With it being adjacent to the Ross Hall Hospital, then I suspect that it's likely that the grounds once belonged to Ross Hall House, which is now part of the hospital. It isn't a big park by any means but it does have a hidden gem - a grotto and rock garden dating back to 1895. The whole thing is category B listed with it described as…
Garden structures constructed at intervals around 3 sides of open lawn built in partly natural and partly artificial Pulhamite stone, including grotto, rock garden and rock flanked narrow passage, low wall, subterranean boat house and ornamental paths, all designed to appear as natural outcrops.
Phew!, what all means is that there is a pretty surreal area of twisty and turny paths and bridges going over and around ponds and weird rock formations. The grotto is a rock-walled enclosure constructed around a sunken pool (now filled-in) with "rockery" masonry, bridges arched over water features, plant troughs in hollowed boulders and rock wall and shelter areas under overhanging rock.
Pulhamite, the artificial rock used in the grotto, is the legacy of James Pulham & Sons, landscape designers in the late 19th and early 20thcenturies who were responsible for working on garden designs in Sandringham and Buckingham palaces and the RHS Gardens Wisley among others.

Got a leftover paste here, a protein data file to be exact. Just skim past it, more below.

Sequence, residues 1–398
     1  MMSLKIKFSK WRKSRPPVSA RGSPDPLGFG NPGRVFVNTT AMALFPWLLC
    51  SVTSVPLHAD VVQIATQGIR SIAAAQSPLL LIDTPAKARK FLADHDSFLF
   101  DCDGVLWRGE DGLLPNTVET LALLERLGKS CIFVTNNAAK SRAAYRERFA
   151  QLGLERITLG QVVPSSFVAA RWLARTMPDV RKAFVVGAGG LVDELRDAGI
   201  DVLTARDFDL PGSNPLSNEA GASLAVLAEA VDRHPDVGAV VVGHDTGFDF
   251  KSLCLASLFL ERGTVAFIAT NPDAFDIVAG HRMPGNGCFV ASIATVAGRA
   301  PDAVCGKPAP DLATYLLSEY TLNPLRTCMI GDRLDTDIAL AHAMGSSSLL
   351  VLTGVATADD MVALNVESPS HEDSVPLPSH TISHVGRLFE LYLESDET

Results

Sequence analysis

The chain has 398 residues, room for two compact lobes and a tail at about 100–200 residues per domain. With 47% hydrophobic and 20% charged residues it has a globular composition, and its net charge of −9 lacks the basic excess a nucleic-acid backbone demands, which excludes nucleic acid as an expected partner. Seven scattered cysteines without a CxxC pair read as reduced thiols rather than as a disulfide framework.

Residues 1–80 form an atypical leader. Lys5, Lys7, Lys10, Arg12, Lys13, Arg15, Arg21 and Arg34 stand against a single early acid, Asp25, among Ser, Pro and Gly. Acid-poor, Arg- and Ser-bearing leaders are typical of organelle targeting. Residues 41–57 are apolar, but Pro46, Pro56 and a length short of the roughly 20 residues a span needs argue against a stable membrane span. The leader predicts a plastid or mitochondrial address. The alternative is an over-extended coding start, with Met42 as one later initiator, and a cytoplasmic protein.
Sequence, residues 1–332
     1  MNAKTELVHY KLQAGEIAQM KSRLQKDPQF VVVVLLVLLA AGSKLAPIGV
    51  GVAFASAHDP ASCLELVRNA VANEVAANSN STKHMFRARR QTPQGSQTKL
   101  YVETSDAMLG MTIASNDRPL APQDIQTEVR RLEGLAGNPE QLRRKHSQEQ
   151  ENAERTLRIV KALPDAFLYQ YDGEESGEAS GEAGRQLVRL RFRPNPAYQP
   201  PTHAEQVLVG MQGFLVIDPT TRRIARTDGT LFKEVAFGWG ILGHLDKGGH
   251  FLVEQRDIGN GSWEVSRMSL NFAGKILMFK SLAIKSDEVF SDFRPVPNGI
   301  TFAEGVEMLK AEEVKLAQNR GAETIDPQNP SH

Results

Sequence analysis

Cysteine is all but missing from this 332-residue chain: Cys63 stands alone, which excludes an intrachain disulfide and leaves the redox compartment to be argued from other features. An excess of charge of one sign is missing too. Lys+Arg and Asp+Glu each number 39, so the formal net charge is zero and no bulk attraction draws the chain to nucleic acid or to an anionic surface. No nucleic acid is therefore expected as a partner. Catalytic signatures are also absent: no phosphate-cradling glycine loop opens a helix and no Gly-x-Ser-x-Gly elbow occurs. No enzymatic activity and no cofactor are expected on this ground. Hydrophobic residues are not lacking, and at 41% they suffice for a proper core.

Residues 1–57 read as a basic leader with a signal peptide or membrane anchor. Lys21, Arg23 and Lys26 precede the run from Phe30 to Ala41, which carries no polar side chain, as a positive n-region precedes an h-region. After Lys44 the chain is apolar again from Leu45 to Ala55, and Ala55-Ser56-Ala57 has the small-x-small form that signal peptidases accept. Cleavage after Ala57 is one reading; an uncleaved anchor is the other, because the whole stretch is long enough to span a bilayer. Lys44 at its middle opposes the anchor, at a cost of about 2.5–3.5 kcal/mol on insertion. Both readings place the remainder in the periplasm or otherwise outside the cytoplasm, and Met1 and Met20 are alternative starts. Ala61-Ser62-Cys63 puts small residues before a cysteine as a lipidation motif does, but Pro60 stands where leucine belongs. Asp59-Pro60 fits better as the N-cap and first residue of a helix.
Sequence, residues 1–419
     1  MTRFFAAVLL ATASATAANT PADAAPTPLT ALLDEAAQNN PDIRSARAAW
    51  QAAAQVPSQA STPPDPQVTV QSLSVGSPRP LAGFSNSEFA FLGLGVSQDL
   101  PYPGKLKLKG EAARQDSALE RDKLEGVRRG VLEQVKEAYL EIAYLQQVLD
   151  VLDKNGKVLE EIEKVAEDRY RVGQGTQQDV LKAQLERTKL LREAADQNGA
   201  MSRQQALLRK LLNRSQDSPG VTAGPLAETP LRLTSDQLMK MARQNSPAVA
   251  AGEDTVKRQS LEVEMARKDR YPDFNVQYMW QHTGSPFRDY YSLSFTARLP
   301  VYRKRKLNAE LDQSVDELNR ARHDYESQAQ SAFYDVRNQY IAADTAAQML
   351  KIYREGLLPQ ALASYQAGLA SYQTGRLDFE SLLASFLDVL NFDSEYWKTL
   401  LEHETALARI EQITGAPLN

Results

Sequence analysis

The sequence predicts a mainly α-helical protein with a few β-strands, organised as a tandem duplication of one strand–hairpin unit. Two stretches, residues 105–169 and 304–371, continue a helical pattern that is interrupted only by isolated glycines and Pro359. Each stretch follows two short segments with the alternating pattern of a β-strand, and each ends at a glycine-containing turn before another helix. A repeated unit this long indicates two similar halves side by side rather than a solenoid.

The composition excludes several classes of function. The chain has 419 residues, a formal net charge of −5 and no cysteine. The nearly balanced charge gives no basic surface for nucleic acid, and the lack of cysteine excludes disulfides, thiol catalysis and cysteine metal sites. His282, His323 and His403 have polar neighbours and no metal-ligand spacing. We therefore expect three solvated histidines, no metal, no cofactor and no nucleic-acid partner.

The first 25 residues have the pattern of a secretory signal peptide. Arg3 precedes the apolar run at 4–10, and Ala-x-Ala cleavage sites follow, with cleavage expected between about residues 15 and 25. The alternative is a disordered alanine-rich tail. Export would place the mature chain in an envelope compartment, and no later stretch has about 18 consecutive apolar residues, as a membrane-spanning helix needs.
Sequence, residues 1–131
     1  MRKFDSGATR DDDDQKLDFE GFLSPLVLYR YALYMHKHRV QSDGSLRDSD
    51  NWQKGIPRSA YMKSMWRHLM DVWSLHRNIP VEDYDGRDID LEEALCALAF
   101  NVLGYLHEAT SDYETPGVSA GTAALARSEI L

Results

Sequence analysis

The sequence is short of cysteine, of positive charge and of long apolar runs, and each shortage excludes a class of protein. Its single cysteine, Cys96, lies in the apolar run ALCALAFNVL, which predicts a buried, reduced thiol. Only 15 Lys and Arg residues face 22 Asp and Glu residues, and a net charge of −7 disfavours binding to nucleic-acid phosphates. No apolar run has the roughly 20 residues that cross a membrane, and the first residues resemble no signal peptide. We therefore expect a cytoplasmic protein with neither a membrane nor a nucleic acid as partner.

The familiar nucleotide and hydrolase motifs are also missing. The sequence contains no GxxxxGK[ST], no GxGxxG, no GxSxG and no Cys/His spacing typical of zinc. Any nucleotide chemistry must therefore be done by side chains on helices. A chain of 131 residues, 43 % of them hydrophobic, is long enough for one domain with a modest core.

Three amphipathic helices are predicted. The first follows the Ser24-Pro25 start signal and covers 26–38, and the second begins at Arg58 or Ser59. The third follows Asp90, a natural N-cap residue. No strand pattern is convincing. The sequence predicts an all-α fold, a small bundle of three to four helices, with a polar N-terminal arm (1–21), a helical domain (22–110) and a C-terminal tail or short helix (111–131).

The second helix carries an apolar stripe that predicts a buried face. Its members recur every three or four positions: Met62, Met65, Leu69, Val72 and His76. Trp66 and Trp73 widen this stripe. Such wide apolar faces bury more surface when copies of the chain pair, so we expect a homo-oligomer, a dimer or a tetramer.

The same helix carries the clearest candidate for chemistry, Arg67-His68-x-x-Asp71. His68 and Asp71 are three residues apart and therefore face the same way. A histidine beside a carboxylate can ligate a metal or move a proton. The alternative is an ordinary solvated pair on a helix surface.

The rest of the park is pretty unremarkable but it does have a decent lawned area running down from Ross Hall House to a pond in which there were a few ducks and moorhens splashing around. Just adjacent to that area is a more formal garden section overlooked by the ruin of what appears to be an old boiler house with a large and ornamental chimney stack (see top picture).
Maybe we'll go back next Summer to see it all in a better light so to speak.